Transmission Services for 1996 Chrysler Town & Country

Brake for Chrysler Town & Country Transmission Service

Automatic or manual transmission, Firestone Complete Auto Care can help. Schedule a transmission service or repair today.

Why is Your 1996 Town & Country’s Transmission So Important?

The transmission delivers power from the engine to the wheels so that you can drive on your terms. Because of the transmission’s responsibility to translate the right dose of power into the right amount of speed, a tiny transmission issue can take a major toll on your car’s performance. Such problems aren’t hard to spot. 1996 Chrysler Town & Country transmission problems can show up as shifting delays, grinding or jumping during acceleration, the car shaking at any speed, or a burning smell or whistling sounds coming from under the hood. Let Chrysler Town & Country transmission problems linger and you could see your fuel economy decrease or find that your Town & Country isn’t working at all.

Chrysler Transmission Recommendations for 1996 Town & Countrys

According to Chrysler, your Town & Country’s transmission should be checked regularly for wear and tear. First off, your Town & Country differential and transmission fluids should be exchanged at regular intervals with Chrysler-approved products. Our technicians know how to service your 1996 Town & Country up to Chrysler-recommended standards. If you think there’s something wrong with your Town & Country’s transmission, schedule an appointment at your local Firestone Complete Auto Care to help keep your engine running at peak performance.

How Much Do Chrysler Town & Country Transmission Repairs Cost

We do our best to keep Chrysler Town & Country transmission repairs and services affordable. Visit your local Firestone Complete Auto Care and we’ll give your car a free Courtesy Check. We’ll check out your Town & Country’s major systems and components to help inform your car service decisions. Whether your vehicle needs a transmission fluid exchange or preventative maintenance, you can rely on our Triple Promise to deliver a car that’s Fixed Right. Priced Right. Right on Time.

1996 Chrysler Town & Country Questions & Answers

  • Is it bad to ride the brakes in your Chrysler? Riding the brakes or keeping your foot on the brake pedal (even lightly) can lead to transmission issues. Remember that when you’re driving down winding roads, and opt for engine braking when possible.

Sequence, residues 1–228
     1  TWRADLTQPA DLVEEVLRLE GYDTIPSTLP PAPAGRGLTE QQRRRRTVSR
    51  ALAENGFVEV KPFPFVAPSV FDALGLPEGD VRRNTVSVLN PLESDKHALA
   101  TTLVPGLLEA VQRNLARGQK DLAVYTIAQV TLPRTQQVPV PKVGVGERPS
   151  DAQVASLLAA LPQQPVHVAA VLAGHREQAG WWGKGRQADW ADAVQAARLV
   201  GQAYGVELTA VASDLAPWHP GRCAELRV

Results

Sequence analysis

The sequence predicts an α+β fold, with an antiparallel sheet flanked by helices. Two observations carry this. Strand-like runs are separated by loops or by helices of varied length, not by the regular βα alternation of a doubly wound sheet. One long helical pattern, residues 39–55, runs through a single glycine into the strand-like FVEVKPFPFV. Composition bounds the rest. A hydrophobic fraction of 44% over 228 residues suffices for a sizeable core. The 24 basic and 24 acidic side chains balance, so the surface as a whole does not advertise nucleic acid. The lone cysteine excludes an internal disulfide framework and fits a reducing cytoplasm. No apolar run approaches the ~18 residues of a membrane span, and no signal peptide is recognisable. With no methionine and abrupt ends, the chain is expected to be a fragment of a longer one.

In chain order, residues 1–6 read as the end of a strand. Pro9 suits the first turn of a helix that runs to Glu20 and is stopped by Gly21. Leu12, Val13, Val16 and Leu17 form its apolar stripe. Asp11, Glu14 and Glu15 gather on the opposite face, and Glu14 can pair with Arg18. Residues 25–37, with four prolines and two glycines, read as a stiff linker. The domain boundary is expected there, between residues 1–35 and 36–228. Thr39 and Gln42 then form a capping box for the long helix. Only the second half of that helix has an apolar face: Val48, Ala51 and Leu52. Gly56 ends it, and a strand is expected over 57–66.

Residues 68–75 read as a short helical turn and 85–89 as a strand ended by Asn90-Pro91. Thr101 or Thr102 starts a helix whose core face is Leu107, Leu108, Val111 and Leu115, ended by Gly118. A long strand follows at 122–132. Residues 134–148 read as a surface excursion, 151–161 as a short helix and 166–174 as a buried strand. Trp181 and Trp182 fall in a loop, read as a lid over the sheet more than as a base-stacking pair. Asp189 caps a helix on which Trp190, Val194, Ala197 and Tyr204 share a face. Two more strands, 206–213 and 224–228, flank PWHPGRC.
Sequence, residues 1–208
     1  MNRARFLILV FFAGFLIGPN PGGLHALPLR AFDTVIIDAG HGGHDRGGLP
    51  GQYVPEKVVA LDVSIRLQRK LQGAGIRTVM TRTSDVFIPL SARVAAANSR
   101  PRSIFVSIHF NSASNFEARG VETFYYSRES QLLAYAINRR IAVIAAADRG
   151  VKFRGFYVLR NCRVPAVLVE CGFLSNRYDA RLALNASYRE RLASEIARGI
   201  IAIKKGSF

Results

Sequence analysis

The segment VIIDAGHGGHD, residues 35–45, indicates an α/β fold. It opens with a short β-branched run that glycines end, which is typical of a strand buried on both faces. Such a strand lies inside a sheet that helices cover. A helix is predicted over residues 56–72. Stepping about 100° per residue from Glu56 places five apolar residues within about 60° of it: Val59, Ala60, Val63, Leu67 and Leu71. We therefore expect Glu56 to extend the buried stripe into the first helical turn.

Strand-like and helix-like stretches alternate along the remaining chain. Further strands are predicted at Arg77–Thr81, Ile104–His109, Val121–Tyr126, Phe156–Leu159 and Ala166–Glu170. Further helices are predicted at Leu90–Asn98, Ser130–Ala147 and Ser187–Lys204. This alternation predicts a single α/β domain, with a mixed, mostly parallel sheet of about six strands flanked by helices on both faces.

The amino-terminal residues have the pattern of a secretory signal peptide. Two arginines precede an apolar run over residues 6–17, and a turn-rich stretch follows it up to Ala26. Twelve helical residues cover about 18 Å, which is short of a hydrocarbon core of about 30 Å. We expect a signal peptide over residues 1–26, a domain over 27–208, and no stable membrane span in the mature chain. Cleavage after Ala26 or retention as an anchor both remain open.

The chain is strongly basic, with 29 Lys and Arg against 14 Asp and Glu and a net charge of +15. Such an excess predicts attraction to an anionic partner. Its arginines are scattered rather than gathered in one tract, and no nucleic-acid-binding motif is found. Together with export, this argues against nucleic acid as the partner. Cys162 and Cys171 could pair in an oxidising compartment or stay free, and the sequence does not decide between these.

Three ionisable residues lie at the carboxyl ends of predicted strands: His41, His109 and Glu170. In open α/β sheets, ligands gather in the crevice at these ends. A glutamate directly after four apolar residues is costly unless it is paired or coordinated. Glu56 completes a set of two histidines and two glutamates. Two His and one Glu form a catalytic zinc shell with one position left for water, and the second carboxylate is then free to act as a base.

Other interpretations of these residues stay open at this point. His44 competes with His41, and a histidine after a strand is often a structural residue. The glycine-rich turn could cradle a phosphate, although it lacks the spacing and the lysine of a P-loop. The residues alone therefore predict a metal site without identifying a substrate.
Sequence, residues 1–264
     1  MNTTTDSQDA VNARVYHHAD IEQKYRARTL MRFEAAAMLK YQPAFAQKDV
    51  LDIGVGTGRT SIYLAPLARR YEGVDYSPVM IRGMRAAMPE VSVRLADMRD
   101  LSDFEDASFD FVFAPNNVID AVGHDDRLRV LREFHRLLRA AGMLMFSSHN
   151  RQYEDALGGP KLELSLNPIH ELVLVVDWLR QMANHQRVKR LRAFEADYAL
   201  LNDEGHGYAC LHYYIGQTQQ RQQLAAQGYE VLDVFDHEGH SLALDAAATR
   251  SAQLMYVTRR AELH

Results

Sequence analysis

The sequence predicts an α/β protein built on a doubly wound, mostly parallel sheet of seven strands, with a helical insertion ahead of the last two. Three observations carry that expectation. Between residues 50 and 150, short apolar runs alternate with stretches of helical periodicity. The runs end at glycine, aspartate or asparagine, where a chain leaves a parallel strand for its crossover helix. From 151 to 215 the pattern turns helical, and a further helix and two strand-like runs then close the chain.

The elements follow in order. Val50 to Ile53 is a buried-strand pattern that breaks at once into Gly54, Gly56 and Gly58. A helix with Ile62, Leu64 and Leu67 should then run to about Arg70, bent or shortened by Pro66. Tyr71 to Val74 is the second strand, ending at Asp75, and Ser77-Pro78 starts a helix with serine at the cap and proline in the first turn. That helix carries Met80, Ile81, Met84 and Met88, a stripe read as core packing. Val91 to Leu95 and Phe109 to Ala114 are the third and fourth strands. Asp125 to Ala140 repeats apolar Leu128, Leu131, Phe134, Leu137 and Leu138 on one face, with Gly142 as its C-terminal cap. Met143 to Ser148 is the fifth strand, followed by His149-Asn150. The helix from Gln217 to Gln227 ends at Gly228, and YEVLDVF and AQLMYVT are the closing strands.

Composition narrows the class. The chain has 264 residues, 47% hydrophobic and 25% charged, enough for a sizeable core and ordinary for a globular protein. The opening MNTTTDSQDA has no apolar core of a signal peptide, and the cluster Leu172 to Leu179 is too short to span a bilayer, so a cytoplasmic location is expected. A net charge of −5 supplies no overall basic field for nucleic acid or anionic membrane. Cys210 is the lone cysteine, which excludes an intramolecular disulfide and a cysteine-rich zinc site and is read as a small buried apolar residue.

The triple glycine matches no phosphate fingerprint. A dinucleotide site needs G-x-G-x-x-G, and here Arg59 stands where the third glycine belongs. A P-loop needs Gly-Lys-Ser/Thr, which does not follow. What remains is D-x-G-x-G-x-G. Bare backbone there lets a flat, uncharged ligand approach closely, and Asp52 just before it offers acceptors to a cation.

• How much can my Chrysler tow?   Think twice before volunteering to tow a moving trailer, no matter how light the load might seem. The added load can mess with your transmission system if it exceeds your Town & Country’s towing capacity. Always consult your owner's manual before towing or hauling something.
  • Does my Town & Country's transmission fluid need to be inspected? Maintaining your Chrysler Town & Country transmission fluid is one of the best ways to maintain your transmission's health. A general rule of thumb is to have your transmission fluid checked and changed about every 30,000 to 60,000 miles, but that timeline can change if you're hard on your Chrysler. Luckily, leaks and low fluid levels are easy to spot and inexpensive to fix.
  • Can transmission fluid leak from my Chrysler Town & Country? Yes. Chrysler Town & Country transmission fluid can leak over time and potentially cause transmission issues. Worn or damaged seals, a loose or damaged transmission pan, a cracked transmission housing, faulty transmission cooler lines, or an overfilled transmission could cause transmission fluid leaks.
  • Who fixes Chrysler Town & Country transmission leaks? When your Town & Country transmission is acting up, Firestone Complete Auto Care is here to help. Book an appointment today for transmission system diagnostics and repairs.
  • Should I avoid driving my Chrysler Town & Country if there is a transmission fluid leak? Driving with a transmission fluid leak is not recommended. Transmission fluid is essential to the proper operation of the transmission system, and a leak can cause serious problems, including reduced performance, overheating, and potentially transmission failure.